There’s no mention of why none of the 100 or so Plaintiffs never went through the formal grievance process before attempting to litigate. At least, it’s not spelled out if they did. This is very basic employment law.

In regard to Take Action Canada, there’s no explanation offered as to why it took almost 18 months to file a Statement of Claim. It wasn’t some novel pleading, but a rehash of old ones. Beyond that, this case was a rehash of content thrown out, and more than once.

Instead of doing due diligence, Sable lashed out this site, and at CSASPP.

She bragged in 2021 about this site being sued for defamation, and sarcastically says “Good luck, Canuck Law”. Well, thanks Sandy! Good luck when you get sued for fraud, or at least negligence.

From the Affidavit of Ted Kuntz

Ted Kuntz from Vaccine Choice Canada swore an Affidavit in the CSASPP case, and an almost identical one here. And it also is very interesting.

At paragraph 20, he laments the CSASPP/Canuck postings which caused VCC members to demand answers. Although he doesn’t specify, the comments truthfully stated that there had been no meaningful activity since the July 6, 2020 filing. Understandably, clients and donors wanted answers.

Instead, Kuntz comes up with the excuse that VCC didn’t want to expose their litigation strategy, nor reveal solicitor-client information. However, the privileged information is a red-herring, as no one was demanding the release of confidential data. But there were legitimate concerns about the total inactivity, and shoddy pleading of the Claim overall. Clients and donors had real questions.

The defence of “not wanting to reveal the litigation strategy” is absurd. Anyone who has ever been involved in litigation knows you have to show your cards well in advance. The cloak-and-dagger approach isn’t received too well. Springing last minute surprises on opposing counsel is referred to as “sandbagging”, a practice Judges almost universally reject.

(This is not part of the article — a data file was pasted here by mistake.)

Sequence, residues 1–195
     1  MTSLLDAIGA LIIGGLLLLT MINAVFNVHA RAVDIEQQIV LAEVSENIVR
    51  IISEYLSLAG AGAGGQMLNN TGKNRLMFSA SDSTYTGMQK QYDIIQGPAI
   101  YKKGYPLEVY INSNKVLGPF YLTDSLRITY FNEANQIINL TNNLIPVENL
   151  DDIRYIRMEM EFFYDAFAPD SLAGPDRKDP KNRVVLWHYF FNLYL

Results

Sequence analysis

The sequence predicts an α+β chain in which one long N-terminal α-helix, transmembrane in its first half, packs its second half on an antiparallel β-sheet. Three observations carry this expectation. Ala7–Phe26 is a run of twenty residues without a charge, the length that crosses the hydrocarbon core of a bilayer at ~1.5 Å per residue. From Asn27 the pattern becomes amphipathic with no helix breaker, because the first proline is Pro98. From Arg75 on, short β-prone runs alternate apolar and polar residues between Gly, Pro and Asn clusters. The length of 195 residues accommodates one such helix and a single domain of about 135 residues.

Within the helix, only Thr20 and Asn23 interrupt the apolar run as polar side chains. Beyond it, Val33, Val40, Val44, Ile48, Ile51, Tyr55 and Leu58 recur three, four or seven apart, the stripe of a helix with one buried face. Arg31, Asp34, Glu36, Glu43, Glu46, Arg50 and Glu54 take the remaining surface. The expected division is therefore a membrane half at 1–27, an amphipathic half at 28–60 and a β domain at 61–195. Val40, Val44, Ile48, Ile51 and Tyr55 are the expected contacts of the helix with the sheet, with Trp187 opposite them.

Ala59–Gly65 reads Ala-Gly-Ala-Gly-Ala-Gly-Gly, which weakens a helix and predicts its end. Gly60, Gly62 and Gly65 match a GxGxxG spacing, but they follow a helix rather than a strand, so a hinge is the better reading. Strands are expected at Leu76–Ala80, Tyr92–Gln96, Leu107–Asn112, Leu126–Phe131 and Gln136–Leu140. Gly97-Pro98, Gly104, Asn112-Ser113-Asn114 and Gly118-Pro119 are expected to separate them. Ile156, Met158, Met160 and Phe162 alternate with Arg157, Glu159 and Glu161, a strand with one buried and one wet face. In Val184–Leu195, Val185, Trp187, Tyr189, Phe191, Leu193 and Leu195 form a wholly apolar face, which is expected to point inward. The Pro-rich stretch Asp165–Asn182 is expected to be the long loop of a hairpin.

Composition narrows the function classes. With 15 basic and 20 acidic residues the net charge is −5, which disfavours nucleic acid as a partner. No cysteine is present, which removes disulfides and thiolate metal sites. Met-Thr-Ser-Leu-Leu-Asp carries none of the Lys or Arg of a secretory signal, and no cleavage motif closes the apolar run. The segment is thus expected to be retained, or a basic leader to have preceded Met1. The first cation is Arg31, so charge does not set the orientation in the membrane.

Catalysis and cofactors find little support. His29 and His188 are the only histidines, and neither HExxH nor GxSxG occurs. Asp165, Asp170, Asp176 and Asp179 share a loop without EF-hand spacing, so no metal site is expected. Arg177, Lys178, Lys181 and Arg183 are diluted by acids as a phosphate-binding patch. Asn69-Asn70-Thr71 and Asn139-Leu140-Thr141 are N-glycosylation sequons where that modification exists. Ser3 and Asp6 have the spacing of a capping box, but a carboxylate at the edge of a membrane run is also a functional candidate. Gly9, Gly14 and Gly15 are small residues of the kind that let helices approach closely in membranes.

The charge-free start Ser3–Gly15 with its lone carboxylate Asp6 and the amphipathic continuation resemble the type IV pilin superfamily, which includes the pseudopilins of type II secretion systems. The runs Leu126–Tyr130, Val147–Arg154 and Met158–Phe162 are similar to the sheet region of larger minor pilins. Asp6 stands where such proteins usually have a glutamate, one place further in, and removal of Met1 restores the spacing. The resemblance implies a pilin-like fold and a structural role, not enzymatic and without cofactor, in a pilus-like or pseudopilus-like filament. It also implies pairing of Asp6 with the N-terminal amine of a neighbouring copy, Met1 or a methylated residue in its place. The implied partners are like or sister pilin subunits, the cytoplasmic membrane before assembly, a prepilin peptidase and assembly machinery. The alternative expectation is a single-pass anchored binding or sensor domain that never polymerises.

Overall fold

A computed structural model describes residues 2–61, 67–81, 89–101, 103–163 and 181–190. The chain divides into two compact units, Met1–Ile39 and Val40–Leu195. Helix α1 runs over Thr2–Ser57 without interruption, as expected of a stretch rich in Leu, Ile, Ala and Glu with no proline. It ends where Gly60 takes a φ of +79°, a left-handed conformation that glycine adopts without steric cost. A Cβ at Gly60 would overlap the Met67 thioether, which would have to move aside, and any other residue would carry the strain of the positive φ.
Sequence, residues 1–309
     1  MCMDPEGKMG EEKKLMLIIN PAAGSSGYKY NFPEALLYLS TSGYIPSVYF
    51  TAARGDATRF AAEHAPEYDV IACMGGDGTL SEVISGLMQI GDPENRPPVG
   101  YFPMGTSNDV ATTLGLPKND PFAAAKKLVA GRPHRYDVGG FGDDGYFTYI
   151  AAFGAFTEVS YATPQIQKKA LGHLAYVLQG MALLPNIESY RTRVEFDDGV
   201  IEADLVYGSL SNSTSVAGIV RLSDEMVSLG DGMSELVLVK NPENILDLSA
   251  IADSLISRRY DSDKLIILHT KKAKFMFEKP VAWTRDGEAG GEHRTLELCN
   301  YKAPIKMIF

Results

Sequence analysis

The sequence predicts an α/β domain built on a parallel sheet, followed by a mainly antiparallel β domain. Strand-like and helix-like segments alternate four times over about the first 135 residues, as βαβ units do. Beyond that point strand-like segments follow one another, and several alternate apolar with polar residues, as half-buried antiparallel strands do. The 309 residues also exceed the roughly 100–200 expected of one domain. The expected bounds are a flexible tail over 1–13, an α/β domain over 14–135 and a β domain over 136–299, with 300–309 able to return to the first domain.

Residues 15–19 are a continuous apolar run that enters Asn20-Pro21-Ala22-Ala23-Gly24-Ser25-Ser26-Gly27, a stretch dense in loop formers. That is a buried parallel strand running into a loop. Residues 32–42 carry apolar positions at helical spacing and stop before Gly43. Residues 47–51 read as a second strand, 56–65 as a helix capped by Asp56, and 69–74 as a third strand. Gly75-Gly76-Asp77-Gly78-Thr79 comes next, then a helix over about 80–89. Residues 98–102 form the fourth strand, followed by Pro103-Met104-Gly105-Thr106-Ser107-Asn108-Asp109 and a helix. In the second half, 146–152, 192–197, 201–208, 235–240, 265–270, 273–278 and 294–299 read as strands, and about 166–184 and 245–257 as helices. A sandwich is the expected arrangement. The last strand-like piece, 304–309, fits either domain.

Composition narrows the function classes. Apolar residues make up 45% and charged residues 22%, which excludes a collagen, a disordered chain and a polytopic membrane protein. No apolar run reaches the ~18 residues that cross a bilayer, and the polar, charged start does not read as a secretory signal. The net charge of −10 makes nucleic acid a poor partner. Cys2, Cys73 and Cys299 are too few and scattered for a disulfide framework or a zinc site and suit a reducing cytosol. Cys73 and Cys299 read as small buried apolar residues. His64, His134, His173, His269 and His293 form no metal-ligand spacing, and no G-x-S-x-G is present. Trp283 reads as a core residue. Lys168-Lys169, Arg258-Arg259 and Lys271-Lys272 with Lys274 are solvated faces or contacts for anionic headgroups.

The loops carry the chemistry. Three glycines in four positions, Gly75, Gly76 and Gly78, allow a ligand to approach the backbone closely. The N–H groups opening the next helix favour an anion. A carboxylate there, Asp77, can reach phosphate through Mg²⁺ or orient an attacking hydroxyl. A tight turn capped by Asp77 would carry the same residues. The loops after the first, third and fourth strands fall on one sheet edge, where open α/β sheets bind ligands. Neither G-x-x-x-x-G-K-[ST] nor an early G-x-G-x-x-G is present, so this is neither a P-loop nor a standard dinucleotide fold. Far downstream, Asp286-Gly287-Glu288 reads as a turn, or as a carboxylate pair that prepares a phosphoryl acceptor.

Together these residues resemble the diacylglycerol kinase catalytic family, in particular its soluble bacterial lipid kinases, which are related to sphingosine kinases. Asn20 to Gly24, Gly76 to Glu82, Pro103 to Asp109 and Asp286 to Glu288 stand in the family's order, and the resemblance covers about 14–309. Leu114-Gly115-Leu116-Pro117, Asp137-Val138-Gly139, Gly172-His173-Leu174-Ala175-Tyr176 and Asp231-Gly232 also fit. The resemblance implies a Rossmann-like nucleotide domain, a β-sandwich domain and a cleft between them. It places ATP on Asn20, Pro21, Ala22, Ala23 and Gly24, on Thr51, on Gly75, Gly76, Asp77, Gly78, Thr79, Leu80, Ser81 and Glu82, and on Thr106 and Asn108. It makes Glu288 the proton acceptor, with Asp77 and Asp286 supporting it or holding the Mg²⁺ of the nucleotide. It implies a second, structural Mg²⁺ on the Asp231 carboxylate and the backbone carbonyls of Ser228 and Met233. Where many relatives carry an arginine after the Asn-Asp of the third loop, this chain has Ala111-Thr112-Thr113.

At paragraph 25, Kuntz indignantly rejects the idea the VCC is just another “fundraising arm”. He states that it is just a group who hired a lawyer to pursue a case.

However, this is directly contradicted by Exhibit “C”, on page 18.

Exhibit “C”, page 20, Kuntz references a newsletter which stated that VCC was involved with coordinating litigation before the CPSO, or College of Physicians and Surgeons of Ontario. It implies that VCC has helped to finance these cases as well.

For reference, none of the CPSO challenges ever went anywhere. Attempts to remove from internal investigations, and get them into Court, always failed for “prematurity”. This isn’t to condone the CPSO’s heavy handed approach, but they were doomed from the start. Similar to suing union or Government employers, it would be necessary to demonstrate that internal methods were corrupt or inadequate. That didn’t happen.

Exhibit “C”, page 20, Kuntz states that “in concert with the overall plan, other legal actions” had been filed. Page 21, item 4, it’s specifically listed that doctors who have been maligned on social media have also filed suit. This presumably refers to Kulvinder Gill’s December 2020 and March 2021 defamation lawsuits.